Professional Advisor Partnerships That Make Charitable Legacy Planning Possible
Life is full of unexpected turns and encounters that shape our paths in ways we might never predict. Just ask Ryan A. Brown, a computer scientist turned tax law and estate planning attorney, and founder of Arlington Law Group. As Ryan puts it, “I ended up in estate planning through a series of accidents, as is most of life.”
It all started in his undergraduate years while working for a company specializing in search engine technology and artificial intelligence, a groundbreaking field 25 years ago. During that time, Ryan successfully patented an idea, and he spent a summer working with a patent attorney on the process. This experience sparked his interest in law, but he ultimately decided to continue pursuing computer science at Johns Hopkins University.
Fate, however, had different plans for Ryan. “I met a nice girl, who is now my wife of twenty years,” Ryan shares, “and she happened to also be studying computer science…but she got a job working in Rosslyn.” As the heart often does, it left Ryan at a major crossroads: stay at Johns Hopkins or move to Arlington.
Lucky for Ryan, Arlington offered something that would combine his love for technology and his new-found interest in law: George Mason University School of Law. While he enrolled thinking he’d one day become a lawyer for a software company, once Ryan began his studies, he found he took a keen and unexpected interest in tax law. As he explains, “It turns out tax law is just algebra written out in long sentences. If you have a strong quantitative background, it really helps in tax law.”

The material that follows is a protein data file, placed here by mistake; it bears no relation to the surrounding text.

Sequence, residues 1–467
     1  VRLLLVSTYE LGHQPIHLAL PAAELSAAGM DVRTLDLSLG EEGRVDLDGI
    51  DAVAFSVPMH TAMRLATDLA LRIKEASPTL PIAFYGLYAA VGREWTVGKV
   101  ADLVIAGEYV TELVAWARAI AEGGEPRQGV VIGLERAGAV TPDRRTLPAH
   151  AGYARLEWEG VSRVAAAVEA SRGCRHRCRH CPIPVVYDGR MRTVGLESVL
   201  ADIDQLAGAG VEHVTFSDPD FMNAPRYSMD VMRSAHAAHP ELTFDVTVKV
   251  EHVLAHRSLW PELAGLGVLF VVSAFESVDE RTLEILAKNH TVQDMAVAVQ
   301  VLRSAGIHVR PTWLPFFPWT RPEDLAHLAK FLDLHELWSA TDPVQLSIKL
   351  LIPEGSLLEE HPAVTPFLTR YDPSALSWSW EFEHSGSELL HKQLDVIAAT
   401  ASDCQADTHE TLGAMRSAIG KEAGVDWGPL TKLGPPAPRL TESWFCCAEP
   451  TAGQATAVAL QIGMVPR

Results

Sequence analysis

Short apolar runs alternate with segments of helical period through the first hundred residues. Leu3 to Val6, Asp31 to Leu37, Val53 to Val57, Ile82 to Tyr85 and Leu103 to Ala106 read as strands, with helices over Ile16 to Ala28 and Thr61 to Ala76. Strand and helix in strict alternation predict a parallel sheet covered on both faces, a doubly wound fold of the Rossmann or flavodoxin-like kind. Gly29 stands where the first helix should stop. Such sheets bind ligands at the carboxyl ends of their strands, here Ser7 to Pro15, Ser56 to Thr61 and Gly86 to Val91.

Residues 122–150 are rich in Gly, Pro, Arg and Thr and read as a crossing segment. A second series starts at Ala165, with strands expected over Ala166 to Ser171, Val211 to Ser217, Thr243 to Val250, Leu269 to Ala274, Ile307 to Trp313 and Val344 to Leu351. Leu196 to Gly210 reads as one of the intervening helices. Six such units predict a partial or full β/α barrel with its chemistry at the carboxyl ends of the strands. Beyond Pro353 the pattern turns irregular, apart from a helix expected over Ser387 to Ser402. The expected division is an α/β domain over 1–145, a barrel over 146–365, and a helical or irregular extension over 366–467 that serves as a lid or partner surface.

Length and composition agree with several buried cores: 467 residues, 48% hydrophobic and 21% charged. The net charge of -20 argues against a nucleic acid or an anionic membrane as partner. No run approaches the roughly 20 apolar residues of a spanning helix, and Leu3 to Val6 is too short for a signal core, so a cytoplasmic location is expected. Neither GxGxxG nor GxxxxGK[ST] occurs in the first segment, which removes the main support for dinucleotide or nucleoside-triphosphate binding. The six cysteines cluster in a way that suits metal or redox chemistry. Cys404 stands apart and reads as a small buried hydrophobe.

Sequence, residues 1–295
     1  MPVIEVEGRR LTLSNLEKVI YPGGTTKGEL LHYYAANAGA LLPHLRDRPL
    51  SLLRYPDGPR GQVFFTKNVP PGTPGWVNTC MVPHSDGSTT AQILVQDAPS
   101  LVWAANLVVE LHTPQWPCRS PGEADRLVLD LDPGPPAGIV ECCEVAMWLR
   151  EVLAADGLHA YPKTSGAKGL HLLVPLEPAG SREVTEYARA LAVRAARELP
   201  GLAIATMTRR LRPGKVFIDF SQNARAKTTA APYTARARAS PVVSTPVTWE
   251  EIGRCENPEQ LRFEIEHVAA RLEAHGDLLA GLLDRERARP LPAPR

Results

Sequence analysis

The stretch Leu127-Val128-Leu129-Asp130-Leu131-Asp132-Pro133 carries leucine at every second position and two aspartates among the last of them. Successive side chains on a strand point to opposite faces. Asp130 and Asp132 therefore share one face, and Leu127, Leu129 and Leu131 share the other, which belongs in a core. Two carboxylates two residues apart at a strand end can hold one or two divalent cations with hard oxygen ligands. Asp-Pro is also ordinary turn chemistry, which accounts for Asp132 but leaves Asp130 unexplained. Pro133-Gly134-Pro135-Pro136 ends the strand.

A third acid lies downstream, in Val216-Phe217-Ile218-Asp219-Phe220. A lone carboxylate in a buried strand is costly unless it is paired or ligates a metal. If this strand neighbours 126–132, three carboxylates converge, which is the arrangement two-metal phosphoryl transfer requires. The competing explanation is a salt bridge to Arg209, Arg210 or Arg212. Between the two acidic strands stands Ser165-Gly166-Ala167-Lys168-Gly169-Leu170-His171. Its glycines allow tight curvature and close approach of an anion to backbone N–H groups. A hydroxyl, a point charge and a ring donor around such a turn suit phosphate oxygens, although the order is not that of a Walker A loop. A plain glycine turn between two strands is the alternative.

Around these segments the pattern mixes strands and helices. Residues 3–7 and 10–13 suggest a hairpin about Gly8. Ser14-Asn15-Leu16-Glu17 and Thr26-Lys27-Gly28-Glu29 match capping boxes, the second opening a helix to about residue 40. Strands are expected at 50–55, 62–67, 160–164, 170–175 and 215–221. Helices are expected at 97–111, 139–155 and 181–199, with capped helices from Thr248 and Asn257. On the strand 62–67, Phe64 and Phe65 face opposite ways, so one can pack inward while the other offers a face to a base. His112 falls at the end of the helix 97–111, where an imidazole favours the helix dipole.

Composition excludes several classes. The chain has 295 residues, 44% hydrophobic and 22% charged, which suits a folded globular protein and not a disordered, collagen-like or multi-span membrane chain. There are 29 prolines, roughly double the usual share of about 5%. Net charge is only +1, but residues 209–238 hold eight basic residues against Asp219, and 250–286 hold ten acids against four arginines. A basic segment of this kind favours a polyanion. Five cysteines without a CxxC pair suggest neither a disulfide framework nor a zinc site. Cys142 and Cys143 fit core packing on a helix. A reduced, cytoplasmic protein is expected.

After earning his Juris Doctorate Magna Cum Laude in 2006, Ryan stayed in Arlington where he established his own law firm, Arlington Law Group. “From the time I got started in 2007, our projects were about 50% business-related and about 50% estate planning, and it stayed that way, give or take, for a long time.”
That was until 2020, when the pandemic struck, and as with all of us, life took an unexpected turn for Ryan and his business. Most of the business-related activities slowed significantly, and suddenly, everyone wanted to get their estate plans in order. Even today, with the height of the pandemic behind us, the demand for estate planning remains significant. Through it all, Ryan sees a common thread uniting many of his clients: “When it comes to estate planning, it’s the quality of life for the people you leave behind that keeps clients up at night. You can’t take a U-Haul to heaven, so how do you make sure the people, places, and causes you care about in life carry on after your life is over?”
“When it comes to estate planning, it’s the quality of life for the people you leave behind that keeps clients up at night.”
In Ryan’s experience, there’s no one answer to this question. As he puts it, “Estate planning can be like making an omelet: We’ve got all the ingredients, we just need to figure out which combination of ingredients work for your situation.” For some clients, particularly younger parents, they may prioritize ingredients that ensure their children are provided for should anything happen to them. For older clients whose children are grown and self-sufficient, the ingredients may include more charitable giving to the causes and organizations they value most.
In Ryan’s experience, charitable giving is one ingredient that many clients want to include, but often aren’t quite sure how to best make it fit into their plans. “It’s such a tough and personal decision,” Ryan emphasizes, “trying to figure out how much to leave to charity through estate plans.” That’s why Ryan’s advice is to flip the question on its head: “Don’t start by asking how much to give to charity. Instead, ask yourself how much is enough for the people you’re leaving behind… and then you can consider leaving the rest to charity.”